No trend has been more popular in the San Francisco food scene in the last couple of years that than the pop-up where culinary school graduates as well as amateurs test out their recipes and restaurant concepts in borrowed locations and usually only for limited amounts of time. Now more and more of them are moving on to setting up their own full time brick and mortar restaurants.
Where as in a a pop-up it’s common to serve only until all your supplies run out and to not always have a full menu such rules don’t apply for a regular restaurant and there is a higher level of consistency and service expected.
While Chef Eskender Aseged may have just transitioned from having a pop-up to a restaurant he clearly has learned much in his 20 years in the industry and it shows in the food and service at his new restaurant. The menu may be small but every dish felt thought out and well prepared.
Now located in a new condo building right by a T-line station in the Bayview and with easy parking on the street the restaurant is modern but not trendy and they focus on a small menu that will change weekly. Bayview may not be the go to neighborhood for many diners but it has a small but always increasing food scene with most restaurants being at very reasonable price points.
We had no problem walking in and getting a table but as the word gets out I hope this places fills up with people that enjoy good food. There was a nice mix of people ranging in age from little kids to distinguished looking silver hair ladies and gentlemen and a mix of Latino, African Americans and Caucasians.
Every week the menu consists of 4 smaller dishes and 3 larger ones. They don’t have a beer or wine license yet but are fine with people bringing in their own.
We got two smaller dishes and two entrees.
We started with a Shitake and crimini mushroom wot crostini with English peas, Manchego cheese and basil ($9) . The bread through out our meal was really good and they didn’t skimp on the mushrooms.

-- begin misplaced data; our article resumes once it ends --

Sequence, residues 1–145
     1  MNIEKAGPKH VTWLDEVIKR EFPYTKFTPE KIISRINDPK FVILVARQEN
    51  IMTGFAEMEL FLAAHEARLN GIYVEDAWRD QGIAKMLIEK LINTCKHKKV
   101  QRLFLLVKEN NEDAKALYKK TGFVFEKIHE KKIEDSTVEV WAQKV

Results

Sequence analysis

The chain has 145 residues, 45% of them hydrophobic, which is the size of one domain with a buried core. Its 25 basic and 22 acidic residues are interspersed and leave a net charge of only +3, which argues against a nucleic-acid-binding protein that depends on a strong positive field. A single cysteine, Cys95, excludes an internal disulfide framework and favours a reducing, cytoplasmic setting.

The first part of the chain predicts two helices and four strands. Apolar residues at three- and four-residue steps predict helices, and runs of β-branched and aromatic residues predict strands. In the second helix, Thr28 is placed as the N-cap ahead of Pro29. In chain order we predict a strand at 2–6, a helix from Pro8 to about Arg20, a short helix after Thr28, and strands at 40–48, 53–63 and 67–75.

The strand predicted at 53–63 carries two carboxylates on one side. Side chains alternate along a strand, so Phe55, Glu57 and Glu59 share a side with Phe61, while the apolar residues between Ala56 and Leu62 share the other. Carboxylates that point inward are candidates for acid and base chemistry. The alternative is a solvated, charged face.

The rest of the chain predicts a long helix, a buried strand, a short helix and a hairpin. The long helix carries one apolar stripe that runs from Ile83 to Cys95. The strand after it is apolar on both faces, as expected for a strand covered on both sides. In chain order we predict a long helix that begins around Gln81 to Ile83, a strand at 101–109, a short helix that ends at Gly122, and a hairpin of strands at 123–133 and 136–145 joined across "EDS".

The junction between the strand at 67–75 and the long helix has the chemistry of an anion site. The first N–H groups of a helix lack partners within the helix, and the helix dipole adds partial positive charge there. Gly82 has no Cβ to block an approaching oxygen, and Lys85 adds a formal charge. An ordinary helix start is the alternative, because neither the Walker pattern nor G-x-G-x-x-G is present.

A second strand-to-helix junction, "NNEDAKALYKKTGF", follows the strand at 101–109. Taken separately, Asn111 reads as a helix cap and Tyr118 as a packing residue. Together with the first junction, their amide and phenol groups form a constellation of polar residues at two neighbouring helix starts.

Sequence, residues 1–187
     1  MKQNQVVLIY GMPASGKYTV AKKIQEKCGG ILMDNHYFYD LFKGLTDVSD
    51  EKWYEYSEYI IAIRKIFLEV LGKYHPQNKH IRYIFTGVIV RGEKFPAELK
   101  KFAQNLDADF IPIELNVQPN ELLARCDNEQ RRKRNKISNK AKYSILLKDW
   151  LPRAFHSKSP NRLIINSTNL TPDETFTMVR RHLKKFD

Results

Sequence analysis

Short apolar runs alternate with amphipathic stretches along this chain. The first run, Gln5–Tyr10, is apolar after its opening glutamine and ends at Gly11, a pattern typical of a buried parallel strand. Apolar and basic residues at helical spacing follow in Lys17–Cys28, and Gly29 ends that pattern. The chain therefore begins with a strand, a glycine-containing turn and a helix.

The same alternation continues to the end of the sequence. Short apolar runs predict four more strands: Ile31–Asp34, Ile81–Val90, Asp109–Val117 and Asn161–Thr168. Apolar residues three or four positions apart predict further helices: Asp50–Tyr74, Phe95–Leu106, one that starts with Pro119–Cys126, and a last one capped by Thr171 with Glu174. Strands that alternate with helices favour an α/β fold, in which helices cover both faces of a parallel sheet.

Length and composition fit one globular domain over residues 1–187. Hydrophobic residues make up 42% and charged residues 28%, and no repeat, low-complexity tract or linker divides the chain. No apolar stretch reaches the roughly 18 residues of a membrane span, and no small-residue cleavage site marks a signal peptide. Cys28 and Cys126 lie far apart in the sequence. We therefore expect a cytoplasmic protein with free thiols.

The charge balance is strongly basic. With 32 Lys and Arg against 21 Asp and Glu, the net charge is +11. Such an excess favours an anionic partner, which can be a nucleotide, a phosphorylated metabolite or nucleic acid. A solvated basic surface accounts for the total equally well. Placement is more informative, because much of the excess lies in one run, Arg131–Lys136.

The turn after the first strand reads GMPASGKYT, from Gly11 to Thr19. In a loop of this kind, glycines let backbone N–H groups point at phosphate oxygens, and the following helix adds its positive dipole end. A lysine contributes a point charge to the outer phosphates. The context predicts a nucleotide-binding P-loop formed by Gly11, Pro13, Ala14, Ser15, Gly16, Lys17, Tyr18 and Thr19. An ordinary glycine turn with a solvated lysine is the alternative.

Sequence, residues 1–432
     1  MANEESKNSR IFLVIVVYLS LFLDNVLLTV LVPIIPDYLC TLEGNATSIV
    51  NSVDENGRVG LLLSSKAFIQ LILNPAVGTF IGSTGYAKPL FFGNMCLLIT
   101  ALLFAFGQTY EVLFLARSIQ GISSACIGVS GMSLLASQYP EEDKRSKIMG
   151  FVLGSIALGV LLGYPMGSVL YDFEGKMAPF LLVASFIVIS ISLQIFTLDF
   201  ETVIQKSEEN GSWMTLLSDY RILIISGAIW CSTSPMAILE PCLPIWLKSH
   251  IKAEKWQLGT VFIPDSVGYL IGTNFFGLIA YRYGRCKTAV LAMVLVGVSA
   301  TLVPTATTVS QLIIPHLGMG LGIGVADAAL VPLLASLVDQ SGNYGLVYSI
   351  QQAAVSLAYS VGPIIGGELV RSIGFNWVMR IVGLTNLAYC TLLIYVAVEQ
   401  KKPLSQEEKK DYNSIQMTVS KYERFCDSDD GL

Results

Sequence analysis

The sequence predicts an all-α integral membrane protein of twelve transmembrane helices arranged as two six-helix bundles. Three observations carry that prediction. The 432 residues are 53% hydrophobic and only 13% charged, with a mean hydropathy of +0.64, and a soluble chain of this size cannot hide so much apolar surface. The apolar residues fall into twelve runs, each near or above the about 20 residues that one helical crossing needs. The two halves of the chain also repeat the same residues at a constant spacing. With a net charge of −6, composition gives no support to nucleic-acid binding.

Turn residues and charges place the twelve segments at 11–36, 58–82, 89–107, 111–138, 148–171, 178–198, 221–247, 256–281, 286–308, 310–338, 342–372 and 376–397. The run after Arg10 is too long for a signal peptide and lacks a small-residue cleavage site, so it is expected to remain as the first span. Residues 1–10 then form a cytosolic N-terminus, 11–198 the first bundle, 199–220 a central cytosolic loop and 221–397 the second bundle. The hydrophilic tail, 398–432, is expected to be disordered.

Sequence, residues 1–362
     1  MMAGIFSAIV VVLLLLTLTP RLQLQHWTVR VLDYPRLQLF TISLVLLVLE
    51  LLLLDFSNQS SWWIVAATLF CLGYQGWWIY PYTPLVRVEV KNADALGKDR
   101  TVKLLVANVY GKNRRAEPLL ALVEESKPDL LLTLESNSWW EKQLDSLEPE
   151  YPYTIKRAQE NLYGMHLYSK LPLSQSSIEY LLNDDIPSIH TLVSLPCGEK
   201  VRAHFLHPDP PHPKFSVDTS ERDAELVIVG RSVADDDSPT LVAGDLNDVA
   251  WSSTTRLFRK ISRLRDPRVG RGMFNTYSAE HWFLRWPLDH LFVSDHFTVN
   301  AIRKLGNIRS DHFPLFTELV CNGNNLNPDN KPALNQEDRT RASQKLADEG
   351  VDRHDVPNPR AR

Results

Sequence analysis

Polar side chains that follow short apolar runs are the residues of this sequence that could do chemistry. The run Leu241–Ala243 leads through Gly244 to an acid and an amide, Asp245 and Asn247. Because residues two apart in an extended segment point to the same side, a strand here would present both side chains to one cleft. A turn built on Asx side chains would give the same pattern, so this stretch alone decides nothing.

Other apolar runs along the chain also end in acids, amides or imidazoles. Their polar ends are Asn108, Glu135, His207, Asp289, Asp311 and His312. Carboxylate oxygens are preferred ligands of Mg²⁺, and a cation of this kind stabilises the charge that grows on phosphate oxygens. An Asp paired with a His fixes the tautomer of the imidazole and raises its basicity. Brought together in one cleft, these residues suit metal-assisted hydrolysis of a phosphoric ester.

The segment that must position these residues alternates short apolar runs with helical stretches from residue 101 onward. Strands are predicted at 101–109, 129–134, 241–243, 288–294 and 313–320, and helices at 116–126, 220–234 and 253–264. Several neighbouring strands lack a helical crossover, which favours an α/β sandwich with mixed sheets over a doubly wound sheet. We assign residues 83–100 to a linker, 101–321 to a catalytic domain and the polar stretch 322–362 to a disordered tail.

The second starter was Albacore tuna kitfo with chives, mitmita, creme fraiche and jicama ($10), which was pretty much a tartare with Ethiopian seasoning. It was served with some of the best jicama I’ve had in SF. This was a very good solid and delicious dish. Kitfo is usally made with raw beef which some folks balk at so this is a good way to try the seasoning of kitfo, the mitmita in a more accessible preparation.
The entrees were both very good. The French Spouse has the vegetarian option, a Jerusalem artichoke “souffle”, with Ethiopian spiced lentils and butternut squash (15) Each element was good on it’s own but together they really worked great together.
I had the lamb (18) which was so tender and flavourful and the seasoning gave just the right amount of heat and really brought out the flavour of the lamb. It was served with couscous and zucchini.
The portions for all the dishes were large and you could be quite satisfied with just ordering two larger entrees. We were too full to try the sole dessert option.
Another I liked is they are using Square to do their credit card transactions. It’s saves money for the restaurant, the consumer and you immediately get an emailed receipt.
I look forward to coming back regularly and trying all the different menus.
Radio Africa & Kitchen
restaurant at 4800 Third Street